• Oregon. Ah Oregon. Much prettier to see the waves. Huge waves. Dust, cactus … prickly and thick … you girls, jeesh! I’m missing Jen already … but we had a really nice visit … it’s just too far in between for me.

        • Mel –
          My body is temporarily in Texas. Someday, hopefully, I’ll be able to spend part of the year back in Oregon!
          Tell Iowa “hi” for me next time you go! 😉

      • You know it’s funny you ask about Iowa. When Jen and i were traveling there … she wrote an email when we were in Iowa … how ’bout that. We had a little meeting in Iowa. We DID indeed say hi, and i always will. We bury mom on June 15. She’s still in her urn at the FunHome. I’ll say “hi” then, in a formal way.

      • I know you keep me close to your heart: That is never in debate or questioned.

        SOON, Jen and i will report about our visit in IC.

        We had such a great time. We haven’t missed a beat. We have walked different paths, but our total one-ness is intact. A great, and amazing visit with my lovely friend. We are so thrilled that we met you!!!! xo MEL

      • Thank you Debbie. I’m missing Jen a lot already. There are those FEW people who grab you that way! I am so lucky for the HUGE bounty in my life now. You have no idea … i could have never imagined the treasures of goodness i feel today. D’s in bed now … he had to work for “the man”. I planted periwinkles and ivy around his back yard. NO music, NO loud noise …

        just a few Robins and a few ducks. No shit! Ducks! Much love, Mel

  4. I’m in awe of a vacuum truck that sucks up rivers! Wow! And loving your idea of calling it back when you are ankle deep in dust! 🙂 You and Heidi make a great team . .. you can handle anything! love and prayers! And a Happy Mother’s day to you too!

  5. You know, many, many jokes are made about New Jersey…..but the more I hear about Texas the more grateful I am to be living in the butt of the jokes and not the Great state of Texas…..I’m glad you both are safe, hope the giant ants don’t carry you off!

    • Sherrie –
      I think it’s mostly New Yorkers who make up New Jersey jokes. Probably jealousy. 😀
      Texas is an acquired taste that I haven’t quite acquired yet…
      But if you talk to a native, it’s the only state in the nation.
      It pretty much IS the nation!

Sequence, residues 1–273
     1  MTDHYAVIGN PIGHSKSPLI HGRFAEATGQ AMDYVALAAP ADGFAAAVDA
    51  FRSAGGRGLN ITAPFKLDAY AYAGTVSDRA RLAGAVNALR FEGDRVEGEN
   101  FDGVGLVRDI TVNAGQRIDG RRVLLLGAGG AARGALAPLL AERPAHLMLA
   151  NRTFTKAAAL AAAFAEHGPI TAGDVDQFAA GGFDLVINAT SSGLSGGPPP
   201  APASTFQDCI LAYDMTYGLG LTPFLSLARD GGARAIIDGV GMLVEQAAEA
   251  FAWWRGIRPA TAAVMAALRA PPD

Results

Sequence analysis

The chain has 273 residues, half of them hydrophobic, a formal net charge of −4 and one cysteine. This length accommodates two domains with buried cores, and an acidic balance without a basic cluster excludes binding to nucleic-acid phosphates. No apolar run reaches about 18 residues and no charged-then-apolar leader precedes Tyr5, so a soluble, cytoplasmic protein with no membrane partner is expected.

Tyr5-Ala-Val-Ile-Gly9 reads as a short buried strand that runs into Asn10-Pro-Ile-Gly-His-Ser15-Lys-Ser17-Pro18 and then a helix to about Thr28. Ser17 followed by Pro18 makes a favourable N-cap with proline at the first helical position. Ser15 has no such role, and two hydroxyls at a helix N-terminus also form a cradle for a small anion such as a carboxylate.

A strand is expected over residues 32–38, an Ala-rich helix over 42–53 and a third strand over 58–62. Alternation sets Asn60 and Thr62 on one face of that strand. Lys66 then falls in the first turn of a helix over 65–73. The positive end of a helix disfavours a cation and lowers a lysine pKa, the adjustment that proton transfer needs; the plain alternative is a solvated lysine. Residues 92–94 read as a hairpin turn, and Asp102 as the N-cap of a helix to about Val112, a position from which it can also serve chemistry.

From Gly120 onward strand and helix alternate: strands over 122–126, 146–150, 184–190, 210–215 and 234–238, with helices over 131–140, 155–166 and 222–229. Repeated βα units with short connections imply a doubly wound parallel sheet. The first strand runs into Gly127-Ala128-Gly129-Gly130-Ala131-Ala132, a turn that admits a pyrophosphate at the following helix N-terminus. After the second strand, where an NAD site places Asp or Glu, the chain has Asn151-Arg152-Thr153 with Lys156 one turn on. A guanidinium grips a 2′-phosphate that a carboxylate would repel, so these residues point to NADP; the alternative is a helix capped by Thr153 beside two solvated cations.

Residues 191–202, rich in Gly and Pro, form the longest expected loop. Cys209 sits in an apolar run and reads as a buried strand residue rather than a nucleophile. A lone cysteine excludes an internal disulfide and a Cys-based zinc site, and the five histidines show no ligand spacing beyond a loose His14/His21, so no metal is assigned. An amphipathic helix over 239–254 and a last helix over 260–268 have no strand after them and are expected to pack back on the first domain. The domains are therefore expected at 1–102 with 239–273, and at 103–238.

It’s the bugs the borrow in my hair at night and fly down my shirt that really get me (I’m mean literally really get me)!

      • Those bugs would freak me out! I hate chiggers, sand-fleas, anything that bites or sucks my blood, oh and fire ants, hate fire ants! Yikes, that alone must make the job you do quite difficult.

        • Hey Sherrie!
          Sad to say I really hate bugs. I particularly hate them on me – tangled in my hair or lost in my t-shirt. Back in the Midwest, we pretty much just had mosquitoes and flies and box elder bugs – and spiders, but not the size of a dinner plate!
          This would be an entomologist’s heaven! 😉
          Did you get my note about Halo Farms? 😀

          • and it probably is an entomologist’s heaven, but it would be my hell…..for so many reasons not just the bugs….It’s amazing how unwelcome Yankee girls like me can find themselves pretty much anywhere in the south…..but I am who I am, so I try to stay home, though I do speak on the circuit and sometimes I end up places that I might not otherwise be welcome, but since I’m speaking as a friend of Bill’s it’s perfectly okay!

          • Sherrie –
            Sometime I’ll have to tell you the story of the time I crashed a friend of Bill’s gathering on a cruise ship. 😀
            If you read Susan’s comment here, you’ll see I haven’t even scratched the surface (when it comes to bugs)!

        • Sherrie –
          I said to tell him “Happy Birthday!” (there was cake)
          I didn’t even know enough to be embarrassed at the time! 😉

        • I like to think I added some laughter to that party!
          They also had “friends of Dorothy meetings” (I think they’ve dropped that name now).
          If they’d served cake, I probably would have found them, too!
          I like cake. 😉

    • Judi –
      Thanks! Safe and leak free!
      We expect to be moving sometime around the end of the week to another town to begin another hole with this rig.
      Lots of sun in the forecast!

  6. Okay, you can see by my 2 likes that my computer issues continue here at Fork’s. Not that I don’t feel you’re worthy of multiple likes, just sayin’…Fascinating life you gals live–I could not do bugs that you describe, and I need to go back to the notes, as I’ve forgotten what caliche is already (I really do try to keep up, sort of). That Heidi–she’s a wonder, ain’t she?!! I always enjoy the quotes–and I do like a lot of Texas sayings, used to have a list of them to tease my cousin in Houston. Well, y’all taker ‘er easy–and I’ll keep up the prayers! God bless you both–much love, sis Caddo

    • Hello Caddo!
      Only one like popped through! 😀
      Caliche is a fine white dust that is an ingredient in cement and also something they use down here to make pretend roads.
      When it isn’t raining, we live in a giant caliche cloud (where the bugs don’t show up quite as much)! 😉

  7. After we taped the plugs like Heidi did, we were also advised to wrap a plastic grocery bag around the plugs to keep out the water. It worked like a charm and I had a bell all night. Even though we’re not gate guarding at the moment, I continue to enjoy reading gate guard blogs. Great photos, Debbie.

  8. I do really like to problem-solve. My grandpa, my dad and my brother were all inventors but all I do is follow advice and it is very rewarding. It would seem that my son probably got that gene.